Entries in the 2nd Battalion War Diary indicates: during the morning of the 24th, it was evident that the enemy were preparing to attack. At about noon, the Enemy Infantry attack started from the right in front of 3rd Brigade position and received the following message from Major Kirkpatrick: ”enemy has secured trenches in front of St. Julien on my right, am still holding on, if the worst comes I will retire to Farm and endeavour to hold that position”. The enemy’s attack appeared to be successful on the right as it pressed in the front of 3rd Brigade position towards St. Julien. About a half an hour later No 2 Company of the 2nd Battalion position was attacked, but the enemy attack was repelled with heavy losses. The enemy now attacked the position held by No 4 Company, once again the enemy were beat back. The enemy casualties were substantial. At about 1:00 PM instructions were received but they were canceled, by phone message, prior to receipt of written orders, upon assurance that the position could be held. Shortly after this, owing to the right flank being exposed possibly due to the retirement of 3rd Battalion, 2nd Battalion was once again ordered to retire to the Group Headquarters (GHQ) Line. No 3 Company retired first. Their place being taken by details from the 14th Battalion, who had been sent up in the morning under two of their Officers. No 2 Company retired next followed by the details of 14th Battalion. It was during these maneuvers that the Battalion suffered its heaviest casualties. There is no reference in the War Diaries as to when the 1st and 4th Companies withdrew. April 25th, received orders to take up a position in the First Line trenches to relieve ”D” Company of the ”Buffs” (research indicates the ”Buffs” referred to the 2nd Battalion of the British East Kent Regiment). Based on the fact, there was only enough room in their trenches for one Platoon, the rest of 2nd Battalion went to trenches in the areas of C-23-A and C-22-C. At 11:00 AM received instruction to withdraw. April 26th at 1:10 AM orders were received to retire to billets via La Brigne arriving at Division Headquarters at 4:20 AM, there receiving instructions to ”stand to” pending instructions of developments. The Battalion bivouacked (a temporary camp without tents or cover, used especially by soldiers) in a field for 3 hours and then returned to billets at Vlamertinghe. At 2:15 AM the Battalion received orders to proceed to Brielen, Belgium where they followed guides to a farm B-29-D, where it dug in. At about 9:00 PM, they returned to billets.
During these four days the 2nd Battalion suffered the following casualties: 5 Officers and 68 other ranks killed, 5 Officers and 158 other ranks wounded, 6 Officers and 302 other ranks missing, for a total of 16 Officers and 528 other ranks.

Lance Corporal Keith Oswald Cumberland’s Military File indicates that he was first reported missing on May 11, 1915. On July 10th, 1915 he was listed as missing and unofficially listed as a Prisoner of War. June 6, 1917 states: ”no information having come to hand from any source which would lead to the belief that the undermentioned soldier is a Prisoner of War (P of W), he is again reported as missing since April 22 – 26, 1915”. On June 26th, 1917 the previously reported missing soldier, now for official purposes, is presumed to have died on or since April 26, 1915.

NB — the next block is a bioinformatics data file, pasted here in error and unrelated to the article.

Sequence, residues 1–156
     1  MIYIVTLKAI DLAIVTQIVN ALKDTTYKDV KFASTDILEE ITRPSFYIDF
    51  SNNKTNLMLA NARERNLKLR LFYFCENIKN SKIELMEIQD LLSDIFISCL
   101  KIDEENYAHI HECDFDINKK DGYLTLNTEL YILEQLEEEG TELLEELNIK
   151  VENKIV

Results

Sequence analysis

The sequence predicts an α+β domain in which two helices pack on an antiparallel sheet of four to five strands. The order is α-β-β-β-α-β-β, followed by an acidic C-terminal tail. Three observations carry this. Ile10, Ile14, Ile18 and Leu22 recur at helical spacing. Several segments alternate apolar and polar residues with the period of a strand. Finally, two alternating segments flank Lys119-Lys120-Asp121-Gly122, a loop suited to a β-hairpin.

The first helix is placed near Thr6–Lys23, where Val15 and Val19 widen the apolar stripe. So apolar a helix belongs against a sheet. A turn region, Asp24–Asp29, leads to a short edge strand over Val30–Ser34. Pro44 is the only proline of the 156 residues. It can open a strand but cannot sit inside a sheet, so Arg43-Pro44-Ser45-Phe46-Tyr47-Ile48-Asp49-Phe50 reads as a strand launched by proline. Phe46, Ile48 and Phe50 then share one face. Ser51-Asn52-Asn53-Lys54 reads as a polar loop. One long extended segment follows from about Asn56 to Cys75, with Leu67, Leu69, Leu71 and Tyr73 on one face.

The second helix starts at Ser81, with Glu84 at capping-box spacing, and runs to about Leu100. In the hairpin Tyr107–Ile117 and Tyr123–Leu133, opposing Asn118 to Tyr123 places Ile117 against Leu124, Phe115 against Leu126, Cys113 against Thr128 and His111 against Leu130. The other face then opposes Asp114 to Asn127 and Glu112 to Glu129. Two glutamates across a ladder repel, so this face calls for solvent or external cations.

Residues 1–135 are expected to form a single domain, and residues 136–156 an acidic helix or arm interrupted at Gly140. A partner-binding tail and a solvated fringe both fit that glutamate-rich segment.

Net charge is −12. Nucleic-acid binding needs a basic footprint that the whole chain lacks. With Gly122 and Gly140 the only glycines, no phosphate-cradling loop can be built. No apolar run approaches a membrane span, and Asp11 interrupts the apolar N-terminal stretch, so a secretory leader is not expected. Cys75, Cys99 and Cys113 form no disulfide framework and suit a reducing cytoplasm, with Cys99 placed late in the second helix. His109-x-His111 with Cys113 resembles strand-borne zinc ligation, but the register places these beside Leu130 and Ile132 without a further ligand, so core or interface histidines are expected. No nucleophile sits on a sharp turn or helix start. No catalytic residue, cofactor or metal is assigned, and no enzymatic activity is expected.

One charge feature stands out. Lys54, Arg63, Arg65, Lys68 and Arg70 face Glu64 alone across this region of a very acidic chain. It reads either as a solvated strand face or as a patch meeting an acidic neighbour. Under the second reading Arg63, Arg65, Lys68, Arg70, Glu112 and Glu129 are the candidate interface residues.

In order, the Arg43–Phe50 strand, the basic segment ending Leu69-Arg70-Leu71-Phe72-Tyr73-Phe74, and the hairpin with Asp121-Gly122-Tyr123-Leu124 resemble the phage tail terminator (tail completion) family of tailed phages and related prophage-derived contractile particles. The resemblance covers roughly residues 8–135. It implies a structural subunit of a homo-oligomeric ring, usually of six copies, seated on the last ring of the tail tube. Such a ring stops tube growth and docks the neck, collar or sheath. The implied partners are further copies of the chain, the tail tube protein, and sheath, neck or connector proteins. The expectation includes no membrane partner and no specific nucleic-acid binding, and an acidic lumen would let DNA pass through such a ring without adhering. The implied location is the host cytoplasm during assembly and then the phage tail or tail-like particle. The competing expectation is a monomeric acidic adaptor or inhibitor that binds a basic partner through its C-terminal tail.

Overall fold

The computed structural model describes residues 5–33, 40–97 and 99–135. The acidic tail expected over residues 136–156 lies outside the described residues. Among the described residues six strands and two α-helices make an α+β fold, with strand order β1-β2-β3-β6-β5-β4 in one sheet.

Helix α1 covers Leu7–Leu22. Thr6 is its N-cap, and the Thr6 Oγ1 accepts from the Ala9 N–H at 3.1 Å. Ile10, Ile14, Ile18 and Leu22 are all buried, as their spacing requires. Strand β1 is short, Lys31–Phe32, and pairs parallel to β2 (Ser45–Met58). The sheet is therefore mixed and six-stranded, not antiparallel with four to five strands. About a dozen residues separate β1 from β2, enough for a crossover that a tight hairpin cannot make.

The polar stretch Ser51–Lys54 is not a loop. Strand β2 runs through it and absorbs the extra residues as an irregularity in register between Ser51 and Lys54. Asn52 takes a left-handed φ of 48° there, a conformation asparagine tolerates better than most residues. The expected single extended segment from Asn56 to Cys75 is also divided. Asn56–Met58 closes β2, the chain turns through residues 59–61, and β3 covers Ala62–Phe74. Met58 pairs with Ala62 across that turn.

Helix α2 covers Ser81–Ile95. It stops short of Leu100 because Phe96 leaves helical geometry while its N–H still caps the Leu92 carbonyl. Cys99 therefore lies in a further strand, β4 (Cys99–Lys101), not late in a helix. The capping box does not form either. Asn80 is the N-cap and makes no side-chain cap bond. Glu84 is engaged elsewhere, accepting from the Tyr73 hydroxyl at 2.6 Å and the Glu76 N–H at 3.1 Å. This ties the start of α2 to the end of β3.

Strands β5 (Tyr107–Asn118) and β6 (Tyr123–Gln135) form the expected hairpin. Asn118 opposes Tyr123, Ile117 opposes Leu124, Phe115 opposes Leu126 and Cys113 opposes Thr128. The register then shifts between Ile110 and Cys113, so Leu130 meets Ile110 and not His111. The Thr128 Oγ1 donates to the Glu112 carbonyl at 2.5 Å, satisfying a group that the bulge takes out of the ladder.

The name of Lance Corporal Keith Oswald Cumberland 7588 appears on a panel at the Menin Gate (Ypres) Memorial in Ypres, Belgium. His name appears on page 11 of the Book of Remembrance in Ottawa. There is no reference in Lance Corporal Keith Oswald Cumberland’s Military File indicating what Military Medals he was awarded but based on his Military Service he should have received:

British War Medal 1914 – 1920; and
Victory Medal.
He also qualified for War Service Badge CEF Class “A”.

His Decorations and Medals were sent to his brother Eldred Cumberland of Toronto. The Memorial Plague was dispatched to his brother on December 15, 1920 and the Memorial Scroll on September 21, 1921.

Based on his Military File, Lance Corporal Keith Oswald Cumberland served a total of 7 months and 3 days with the Canadian Expeditionary Force: 11 days in Canada, 3 months, 26 days in England, and 2 months and 15 days in France.

An excerpt from an article in Maclean’s Magazine by Barbara Ameil, September 1996:

”The Military is the single calling in the world with job specifications that include a commitment to die for your country. What could be more honourable”?





Keith Oswald Cumberland was born in Québec on May 18, 1895, son of David and Helene Cumberland.

In 1915 Keith worked as a bank clerk in Peterborough. Private Keith Oswald Cumberland enlisted to serve in WWI with the 2nd Battalion, Canadian Infantry and was killed in action on March 26, 1915 and is remembered with honour in the Menin Gate (Ypres) Memorial Cemetery in Belgium.


Keith Oswald’s grandparents are unknown at this time.

Keith Oswald’s parents, David Cumberland was born October 23, 1851 and Helene was born November 2, 1864 Helene Cumberland, both born in Québec. (The 1911 Census had Helene born in PEI) They would have been married about 1892 in Québec. In March 1901 the Cumberland family was living in the Montcalm Ward of Québec City with their four young children: Eldred born June 29, 1893; Keith Oswald, born May 18, 1995; Phyllis Helene born June 12, 1898 and baby David born in October 9, 1901. Sadly, a daughter Helene, born June 30, 1898 must have passed on. David Cumberland’s occupation was listed as servant.

However, by 1911, David Cumberland has passed away and Helene and three of her children: namely Keith, Phyllis and David were living on Smith Street in Lakefield.